Case Studies / Activities


The chapter focused on life space work with young people in care settings. In this exercise we would like you to think about the experience of older people, another service-user group who may live in a group care environment. In 2009 the Joseph Rowntree Foundation published a report by Bowers et al. entitled ‘Older People’s Vision for Long Term Care’. The report (and a brief summary) can be accessed at the following link:

We would like you to read the report and then consider the following:

  1. How does what you have learnt about life space working apply to older people living in care environments?
  2. The chapter described the life space approach as ‘a therapeutic intervention in people’s lives that acknowledges prior loss, builds on individual strengths with the goal of restoring ego integrity and prepares the individual to go forward in life better equipped for future adversity. Central to all change is the therapeutic relationship.’ From your own experiences and from what you have read about older people’s experiences of residential care, how much do you think the life space approach underpins practice? How much do you think it should underpin practice?
  3. What connections can you make between the ‘Keys to a good life’, as detailed by Bowers et al. (2009), and the ways in which you might approach work with older people in a care setting?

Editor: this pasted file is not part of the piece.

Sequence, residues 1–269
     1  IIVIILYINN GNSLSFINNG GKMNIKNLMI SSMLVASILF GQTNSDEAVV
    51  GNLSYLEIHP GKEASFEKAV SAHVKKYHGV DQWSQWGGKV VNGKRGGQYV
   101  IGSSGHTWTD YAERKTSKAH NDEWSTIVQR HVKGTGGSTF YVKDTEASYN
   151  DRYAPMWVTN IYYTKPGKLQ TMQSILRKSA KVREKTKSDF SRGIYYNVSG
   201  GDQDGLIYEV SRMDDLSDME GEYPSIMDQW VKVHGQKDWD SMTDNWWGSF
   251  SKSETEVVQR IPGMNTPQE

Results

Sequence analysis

4. Which of the following four factors do you think has the strongest influence on the therapeutic relationship between older people and staff in care environments? Do all factors have some role to play?
    1. Factors associated with the physical environment, e.g. the layout of the building; what the building looks like form the outside; how the home blends with its neighbouring buildings and so on.
    2. Factors associated with the organisational environment, e.g. how the home is run; whether it has a clear philosophy underpinning care; how the priorities of the day are defined; staffing levels and so on.
    3. Factors associated with the therapeutic environment, e.g. the way in which staff assist residents to live fulfilled lives and reach their potential; whether key workers are encouraged to spend quality time with residents; whether residents are enabled to express their feelings – happiness, fears, anxieties – and so on.
    4. Factors associated with the community environment, e.g. whether the home is integrated or isolated from its local community; what relationships with neighbours are like; if visitors welcomed; if residents make use of community facilities, and so on.